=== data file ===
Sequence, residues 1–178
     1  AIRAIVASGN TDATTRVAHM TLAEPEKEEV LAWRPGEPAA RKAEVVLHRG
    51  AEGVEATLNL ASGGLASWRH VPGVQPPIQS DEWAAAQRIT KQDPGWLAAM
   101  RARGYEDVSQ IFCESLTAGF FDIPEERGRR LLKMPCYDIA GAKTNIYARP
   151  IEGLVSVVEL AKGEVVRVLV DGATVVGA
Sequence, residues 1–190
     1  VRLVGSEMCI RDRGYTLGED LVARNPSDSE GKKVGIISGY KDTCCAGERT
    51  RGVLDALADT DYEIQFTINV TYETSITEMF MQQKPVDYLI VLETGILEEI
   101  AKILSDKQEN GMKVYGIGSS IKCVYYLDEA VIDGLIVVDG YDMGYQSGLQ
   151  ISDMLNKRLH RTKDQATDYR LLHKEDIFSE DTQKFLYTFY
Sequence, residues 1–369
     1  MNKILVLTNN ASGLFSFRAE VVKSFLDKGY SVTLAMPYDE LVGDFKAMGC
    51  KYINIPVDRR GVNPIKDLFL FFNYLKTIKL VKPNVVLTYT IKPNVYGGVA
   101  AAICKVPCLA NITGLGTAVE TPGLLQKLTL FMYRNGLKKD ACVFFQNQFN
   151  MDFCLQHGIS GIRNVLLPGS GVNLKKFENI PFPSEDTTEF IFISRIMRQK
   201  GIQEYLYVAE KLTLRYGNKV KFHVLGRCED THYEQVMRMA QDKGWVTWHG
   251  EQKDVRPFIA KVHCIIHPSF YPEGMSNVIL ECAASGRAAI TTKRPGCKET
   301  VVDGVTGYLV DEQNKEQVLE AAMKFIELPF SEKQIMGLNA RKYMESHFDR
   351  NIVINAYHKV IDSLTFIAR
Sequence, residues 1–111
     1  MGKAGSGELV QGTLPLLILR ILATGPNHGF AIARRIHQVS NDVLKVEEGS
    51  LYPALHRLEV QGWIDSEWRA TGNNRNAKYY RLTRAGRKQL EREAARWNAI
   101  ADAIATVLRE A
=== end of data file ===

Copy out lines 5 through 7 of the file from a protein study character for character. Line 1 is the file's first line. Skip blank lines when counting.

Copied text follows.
   151  IEGLVSVVEL AKGEVVRVLV DGATVVGA
Sequence, residues 1–190
     1  VRLVGSEMCI RDRGYTLGED LVARNPSDSE GKKVGIISGY KDTCCAGERT